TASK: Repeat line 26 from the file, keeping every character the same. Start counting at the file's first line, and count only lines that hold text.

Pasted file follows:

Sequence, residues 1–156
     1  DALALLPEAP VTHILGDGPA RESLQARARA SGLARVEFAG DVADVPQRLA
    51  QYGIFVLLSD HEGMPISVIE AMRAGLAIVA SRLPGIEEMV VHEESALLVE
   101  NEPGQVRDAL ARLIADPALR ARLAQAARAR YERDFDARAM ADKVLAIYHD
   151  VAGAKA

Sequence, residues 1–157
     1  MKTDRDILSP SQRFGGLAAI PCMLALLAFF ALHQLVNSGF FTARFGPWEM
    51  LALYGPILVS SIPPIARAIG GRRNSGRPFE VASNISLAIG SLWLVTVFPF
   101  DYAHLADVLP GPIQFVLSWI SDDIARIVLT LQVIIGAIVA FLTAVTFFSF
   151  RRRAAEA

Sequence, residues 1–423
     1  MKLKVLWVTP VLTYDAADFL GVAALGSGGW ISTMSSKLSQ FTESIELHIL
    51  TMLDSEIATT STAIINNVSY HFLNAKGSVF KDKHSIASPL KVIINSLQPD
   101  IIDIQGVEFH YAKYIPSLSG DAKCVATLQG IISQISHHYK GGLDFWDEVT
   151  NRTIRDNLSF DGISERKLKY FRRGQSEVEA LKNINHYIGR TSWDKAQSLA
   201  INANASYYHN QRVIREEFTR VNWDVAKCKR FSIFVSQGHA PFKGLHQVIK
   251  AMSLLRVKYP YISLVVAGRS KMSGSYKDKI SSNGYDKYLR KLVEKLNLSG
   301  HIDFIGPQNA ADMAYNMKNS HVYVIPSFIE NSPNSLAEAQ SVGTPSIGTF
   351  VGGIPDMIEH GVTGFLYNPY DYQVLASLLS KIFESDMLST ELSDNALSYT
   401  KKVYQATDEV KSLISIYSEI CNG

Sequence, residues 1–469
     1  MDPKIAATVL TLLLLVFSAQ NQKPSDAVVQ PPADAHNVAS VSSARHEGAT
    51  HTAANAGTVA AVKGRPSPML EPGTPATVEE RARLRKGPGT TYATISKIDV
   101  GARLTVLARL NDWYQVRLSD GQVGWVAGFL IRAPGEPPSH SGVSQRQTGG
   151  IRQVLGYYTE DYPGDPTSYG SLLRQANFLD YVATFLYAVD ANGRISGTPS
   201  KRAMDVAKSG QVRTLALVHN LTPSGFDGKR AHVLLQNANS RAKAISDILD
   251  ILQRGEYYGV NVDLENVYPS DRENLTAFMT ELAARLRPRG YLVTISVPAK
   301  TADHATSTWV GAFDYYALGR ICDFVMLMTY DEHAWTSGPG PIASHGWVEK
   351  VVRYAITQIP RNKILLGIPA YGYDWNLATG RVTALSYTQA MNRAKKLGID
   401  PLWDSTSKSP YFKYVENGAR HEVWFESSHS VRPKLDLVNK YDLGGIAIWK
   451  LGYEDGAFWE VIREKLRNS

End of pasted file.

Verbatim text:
   201  KRAMDVAKSG QVRTLALVHN LTPSGFDGKR AHVLLQNANS RAKAISDILD